There are great speakers who are awful writers, and great writers who are awful speakers. With brand voice, it needs to translate well to both writing and speech. This is why it is so challenging to create a voice that is adopted universally at a company.

A similar craft that walks this fine line between speech and writing is screenwriting. A screenplay must be written well enough to attract producer’s attention, but translate well to film, so actors can speak dialogue in an effective manner. Many screenwriters speak their dialogue out loud, in character, as they write. This allows them to differentiate voice between characters and trim the fat that comes naturally with writing vs. speaking. Copywriters should consider this approach.

Practice Tip: Type a piece of branded content. Step away from that content for at least 30 minutes. Use dictation to speak the same content from memory. Compare the two. What’s different? Why is that different?

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Using the Tool to Collect Stories

Some of the most successful marketers I know have the ability to turn business leaders’ statements and buzz words into great pieces of content. Think about it. Did anybody use the terms “speaking offline” or “bandwidth” before starting their careers? No. Some businessperson once coined these phrases, and the rest is history. For your brand, try to find these types of phrases while speaking with the leaders at your company. These phrases can provide great insight into company culture, history, and the brand story.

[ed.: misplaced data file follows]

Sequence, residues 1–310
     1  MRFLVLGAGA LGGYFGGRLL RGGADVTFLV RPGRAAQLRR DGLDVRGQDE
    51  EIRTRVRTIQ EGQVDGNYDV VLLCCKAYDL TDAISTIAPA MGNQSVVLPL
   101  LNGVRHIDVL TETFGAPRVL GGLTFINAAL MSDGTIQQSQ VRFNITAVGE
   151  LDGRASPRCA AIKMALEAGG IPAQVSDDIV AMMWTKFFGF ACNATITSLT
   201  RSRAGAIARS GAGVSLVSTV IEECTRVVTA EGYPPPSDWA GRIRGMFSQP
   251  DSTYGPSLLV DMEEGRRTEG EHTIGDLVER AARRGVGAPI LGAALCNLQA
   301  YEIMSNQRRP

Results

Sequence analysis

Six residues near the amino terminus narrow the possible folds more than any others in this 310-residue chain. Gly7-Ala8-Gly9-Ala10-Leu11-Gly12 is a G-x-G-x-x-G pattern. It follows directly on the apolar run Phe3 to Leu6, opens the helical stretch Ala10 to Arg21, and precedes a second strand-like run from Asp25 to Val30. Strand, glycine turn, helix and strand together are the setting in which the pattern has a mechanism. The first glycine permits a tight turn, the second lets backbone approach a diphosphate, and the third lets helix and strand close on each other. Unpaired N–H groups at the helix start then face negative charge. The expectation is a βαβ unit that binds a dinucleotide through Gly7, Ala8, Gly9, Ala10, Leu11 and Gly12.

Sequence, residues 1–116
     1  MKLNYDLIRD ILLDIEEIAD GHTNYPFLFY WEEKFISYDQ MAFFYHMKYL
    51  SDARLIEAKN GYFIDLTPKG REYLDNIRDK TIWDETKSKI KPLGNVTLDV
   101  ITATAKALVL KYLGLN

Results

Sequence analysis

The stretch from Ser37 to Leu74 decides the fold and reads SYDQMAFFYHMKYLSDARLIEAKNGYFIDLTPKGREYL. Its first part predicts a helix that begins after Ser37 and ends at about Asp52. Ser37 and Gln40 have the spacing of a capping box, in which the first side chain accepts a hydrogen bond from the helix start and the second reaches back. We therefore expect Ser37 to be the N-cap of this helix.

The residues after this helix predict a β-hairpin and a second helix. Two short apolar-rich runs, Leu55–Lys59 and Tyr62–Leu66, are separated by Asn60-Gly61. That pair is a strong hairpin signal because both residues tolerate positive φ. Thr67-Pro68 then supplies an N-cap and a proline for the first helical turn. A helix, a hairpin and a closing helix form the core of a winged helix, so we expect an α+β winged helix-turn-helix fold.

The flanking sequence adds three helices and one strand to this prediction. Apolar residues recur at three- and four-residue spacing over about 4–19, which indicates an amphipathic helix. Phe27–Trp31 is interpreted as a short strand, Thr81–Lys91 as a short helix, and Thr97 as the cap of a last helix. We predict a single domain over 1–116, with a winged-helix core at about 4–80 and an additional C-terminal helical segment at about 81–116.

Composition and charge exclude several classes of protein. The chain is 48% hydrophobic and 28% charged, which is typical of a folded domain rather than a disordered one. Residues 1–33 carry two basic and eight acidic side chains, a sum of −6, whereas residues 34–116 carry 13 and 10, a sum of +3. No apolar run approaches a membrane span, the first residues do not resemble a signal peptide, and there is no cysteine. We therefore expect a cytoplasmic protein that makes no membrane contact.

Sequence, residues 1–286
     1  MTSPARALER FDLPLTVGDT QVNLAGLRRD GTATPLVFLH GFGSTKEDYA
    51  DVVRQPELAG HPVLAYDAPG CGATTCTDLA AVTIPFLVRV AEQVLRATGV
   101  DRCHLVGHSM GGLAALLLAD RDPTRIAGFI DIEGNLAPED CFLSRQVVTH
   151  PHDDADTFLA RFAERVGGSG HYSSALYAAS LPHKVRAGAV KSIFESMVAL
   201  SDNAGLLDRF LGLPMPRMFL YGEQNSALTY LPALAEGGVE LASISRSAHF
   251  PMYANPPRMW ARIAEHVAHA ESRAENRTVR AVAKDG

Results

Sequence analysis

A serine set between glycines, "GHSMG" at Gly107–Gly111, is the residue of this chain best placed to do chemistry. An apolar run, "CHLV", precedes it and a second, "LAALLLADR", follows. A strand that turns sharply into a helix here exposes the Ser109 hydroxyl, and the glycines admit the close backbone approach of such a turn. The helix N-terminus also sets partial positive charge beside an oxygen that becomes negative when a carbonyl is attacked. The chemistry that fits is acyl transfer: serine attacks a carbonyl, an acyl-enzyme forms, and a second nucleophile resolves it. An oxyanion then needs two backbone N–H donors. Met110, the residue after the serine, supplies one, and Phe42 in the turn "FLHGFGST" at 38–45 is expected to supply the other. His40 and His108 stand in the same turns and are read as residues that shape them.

Practice Tip: Interview company leaders on crucial topics with Google Doc’s dictation tool running in the background. The leaders’ speech will be transcribed into writing. What words are emphasized consistently? How are products described? Are there inconsistencies?

This practice tips is an effective way of auditing the status quo of your company. If the tone of your current content does not match the text collected from dictation, you will have a rough sketch of what needs to be fixed.

Will People Talk Like This?

Every time I say, “To the left,” I think of that Beyonce song. I can say I have never sought out that song, but it is forever engrained in my head. Why is that? It’s a phrase that is commonly and easily used. While developing your brand voice, you need to identify language that can be easily adopted in your organization. Hammering out long-winded, heavy handed prose will not work.

By using dictation in my own writing, I have found that this dashes my wordiest sentences. When I speak, it tends to be choppier with easy-to-digest, direct statements. That’s the way people will talk. That’s content that people can use.

Practice Tip: With the same content you wrote earlier, have someone at your organization read the content. After reading the content, ask them to explain the content with dictation running. How is there speech different than yours? What did they leave out? What did they include?

This will provide feedback into what works in your copywriting.

Dictation in Word and Google Docs

Below are brief instructions for using dictation in both Word and Google Docs.

dictation-in-word

dictation-in-google-docs

Further Reading: